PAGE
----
Launching the evaluation report from Tom Fleming Creative Consultancy, which tracks the Digital Arts and Culture Accelerator portfolio through the programme and in the six months after completion
Following on from the Digital R&D Fund for the Arts, Arts Council England and Nesta commissioned the Digital Arts and Culture Accelerator (DACA) to test whether a now-mainstream business support approach (the accelerator model) could help arts and culture organisations create investment-ready ventures. This meant developing propositions to commercialise digital products and services with the aim of attracting new forms of finance beyond grant funding. In May 2016, nine arts and culture organisations started a bespoke 12-week intensive support programme delivered by The Accelerator Network. We’ve followed the process these organisations went through in previous blogs and project updates.
This week we launch the evaluation report from Tom Fleming Creative Consultancy, which tracks the portfolio of projects through the programme and in the six months after completion.
Overall, the report concludes that the DACA had a significant positive impact on individual participants and, in some instances, on their organisations. While the accelerator approach helped all nine organisations to refine and test their ideas rapidly, the organisations were at different stages on their entrepreneurial journey. This meant the process was more useful for some than for others.
A hurdle that most had to overcome was the need to develop a clear focus on a venture or product, when currently the core aims were geared to nurturing complex ecosystems of activities and relationships. The DACA supported and encouraged each organisation to rapidly test and iterate ventures and propositions, giving a clear indication of their potential for commercial value at an early stage. The evaluation found that all the participants emerged with a higher degree of confidence in developing ideas and in understanding the different types of financial instruments available to support their work.
The report identifies a number of issues that charities, or other forms of ‘not-for-profit’ organisations, might need to work through in developing ideas for investable products or services, these include:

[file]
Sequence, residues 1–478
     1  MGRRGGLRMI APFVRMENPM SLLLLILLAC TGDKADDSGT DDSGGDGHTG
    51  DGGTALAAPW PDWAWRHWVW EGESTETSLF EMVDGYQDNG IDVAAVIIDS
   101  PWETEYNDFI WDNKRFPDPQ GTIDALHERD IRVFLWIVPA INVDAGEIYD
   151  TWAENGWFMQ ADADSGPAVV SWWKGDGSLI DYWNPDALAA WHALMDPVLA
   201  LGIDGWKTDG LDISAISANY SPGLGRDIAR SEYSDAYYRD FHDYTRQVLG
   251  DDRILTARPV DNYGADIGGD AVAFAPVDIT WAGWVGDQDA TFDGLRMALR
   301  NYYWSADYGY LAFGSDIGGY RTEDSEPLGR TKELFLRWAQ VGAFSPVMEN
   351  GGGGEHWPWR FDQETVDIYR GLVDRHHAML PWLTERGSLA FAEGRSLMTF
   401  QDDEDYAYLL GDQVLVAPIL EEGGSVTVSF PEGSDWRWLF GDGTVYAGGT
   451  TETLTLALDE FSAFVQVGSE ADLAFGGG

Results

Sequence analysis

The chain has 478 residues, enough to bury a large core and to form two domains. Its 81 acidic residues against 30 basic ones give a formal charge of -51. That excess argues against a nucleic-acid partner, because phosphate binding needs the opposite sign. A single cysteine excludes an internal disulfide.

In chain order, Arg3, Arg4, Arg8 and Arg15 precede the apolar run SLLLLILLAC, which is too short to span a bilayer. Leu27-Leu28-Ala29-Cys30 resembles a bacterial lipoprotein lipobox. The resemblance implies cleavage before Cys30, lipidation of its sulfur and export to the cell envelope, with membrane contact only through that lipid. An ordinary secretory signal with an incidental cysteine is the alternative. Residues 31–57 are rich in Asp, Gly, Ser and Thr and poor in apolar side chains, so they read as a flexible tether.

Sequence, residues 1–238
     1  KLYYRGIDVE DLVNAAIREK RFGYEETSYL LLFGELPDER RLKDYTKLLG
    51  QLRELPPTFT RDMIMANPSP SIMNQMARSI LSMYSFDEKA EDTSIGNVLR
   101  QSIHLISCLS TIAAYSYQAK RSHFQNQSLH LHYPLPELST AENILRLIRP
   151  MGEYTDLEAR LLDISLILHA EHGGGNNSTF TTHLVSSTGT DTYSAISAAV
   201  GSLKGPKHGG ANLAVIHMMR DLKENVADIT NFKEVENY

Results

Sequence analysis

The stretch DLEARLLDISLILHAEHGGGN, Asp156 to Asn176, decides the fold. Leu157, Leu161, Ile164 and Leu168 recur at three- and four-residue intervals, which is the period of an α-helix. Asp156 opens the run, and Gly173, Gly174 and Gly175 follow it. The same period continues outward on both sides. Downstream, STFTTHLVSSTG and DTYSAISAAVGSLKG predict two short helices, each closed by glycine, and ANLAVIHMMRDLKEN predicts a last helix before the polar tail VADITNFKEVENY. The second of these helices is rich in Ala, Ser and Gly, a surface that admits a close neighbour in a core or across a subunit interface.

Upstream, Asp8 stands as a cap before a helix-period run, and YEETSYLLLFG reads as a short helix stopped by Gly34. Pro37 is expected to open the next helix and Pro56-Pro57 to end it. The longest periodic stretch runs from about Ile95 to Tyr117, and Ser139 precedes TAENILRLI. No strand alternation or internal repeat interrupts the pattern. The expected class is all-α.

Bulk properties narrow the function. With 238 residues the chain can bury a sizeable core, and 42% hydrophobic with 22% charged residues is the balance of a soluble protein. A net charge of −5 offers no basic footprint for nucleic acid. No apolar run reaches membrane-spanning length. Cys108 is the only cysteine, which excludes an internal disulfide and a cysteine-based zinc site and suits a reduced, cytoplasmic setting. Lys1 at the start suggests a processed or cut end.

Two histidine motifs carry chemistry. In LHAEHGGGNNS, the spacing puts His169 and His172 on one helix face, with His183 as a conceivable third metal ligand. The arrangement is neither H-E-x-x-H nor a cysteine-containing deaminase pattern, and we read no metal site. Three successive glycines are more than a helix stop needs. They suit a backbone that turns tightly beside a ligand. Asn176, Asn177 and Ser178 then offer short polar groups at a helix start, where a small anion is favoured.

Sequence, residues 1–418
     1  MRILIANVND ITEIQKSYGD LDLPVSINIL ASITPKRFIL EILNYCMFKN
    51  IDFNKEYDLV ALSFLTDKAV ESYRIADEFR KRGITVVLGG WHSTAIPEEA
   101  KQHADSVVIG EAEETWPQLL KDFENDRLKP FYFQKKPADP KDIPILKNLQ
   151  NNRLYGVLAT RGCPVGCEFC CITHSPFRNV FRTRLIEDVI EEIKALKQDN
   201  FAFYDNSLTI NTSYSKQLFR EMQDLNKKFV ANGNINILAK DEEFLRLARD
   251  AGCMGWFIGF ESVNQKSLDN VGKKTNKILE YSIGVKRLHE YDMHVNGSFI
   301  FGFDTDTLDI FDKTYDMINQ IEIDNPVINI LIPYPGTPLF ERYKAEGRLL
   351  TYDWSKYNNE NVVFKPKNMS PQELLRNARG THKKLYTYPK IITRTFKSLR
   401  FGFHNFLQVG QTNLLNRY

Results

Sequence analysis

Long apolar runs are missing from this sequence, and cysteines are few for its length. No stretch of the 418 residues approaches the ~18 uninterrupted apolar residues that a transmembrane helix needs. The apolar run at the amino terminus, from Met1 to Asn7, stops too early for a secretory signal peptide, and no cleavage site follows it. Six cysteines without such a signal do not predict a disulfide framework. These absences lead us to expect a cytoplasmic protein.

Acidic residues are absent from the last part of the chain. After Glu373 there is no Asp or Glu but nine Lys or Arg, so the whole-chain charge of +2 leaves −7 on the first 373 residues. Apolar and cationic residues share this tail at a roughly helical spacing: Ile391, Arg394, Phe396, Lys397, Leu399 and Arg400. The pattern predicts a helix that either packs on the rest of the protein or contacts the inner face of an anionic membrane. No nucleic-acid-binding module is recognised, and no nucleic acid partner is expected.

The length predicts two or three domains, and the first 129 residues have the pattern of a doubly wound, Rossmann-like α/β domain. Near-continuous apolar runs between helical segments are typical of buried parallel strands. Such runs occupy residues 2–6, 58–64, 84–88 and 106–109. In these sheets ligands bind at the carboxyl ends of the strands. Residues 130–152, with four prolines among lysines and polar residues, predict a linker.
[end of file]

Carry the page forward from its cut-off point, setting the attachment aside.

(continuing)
Six months is a short window to evaluate the types of impact that an accelerator is aiming to achieve – which might include internal culture change, as well as the investigation and sourcing of additional sources of finance – and there has been progress even since the report was finalised. Two of the projects are in the process of setting up separate subsidiaries or new companies to drive their projects forward. Some have continued to gain external recognition, with the National Holocaust Centre and Museum’s Forever Project Highly Commended in the 2017 Museums + Heritage Innovation award.
The DACA showed that an accelerator approach, when targeted at ventures at the right stage of development, can suit some arts and cultural organisations. An investment-readiness seminar event held at Nesta in May 2017, to reflect on recent business support and resilience initiatives in the arts, including the DACA, concluded thought that a range of new options to support entrepreneurialism should continue to be looked at and tested. This might include a mix of funding and business support from debt financing and loans, through to crowdfunding, mentoring and philanthropy. Accelerators (or pre-accelerators) might be part of this mix, but will only be appropriate for some organisations and will never be the whole solution. The role of the Arts Council and Nesta will be to spot new opportunities when they arise and, as we have tried to do through the DACA, to create the conditions where they can be trailed and tested in a supported and nurturing environment.
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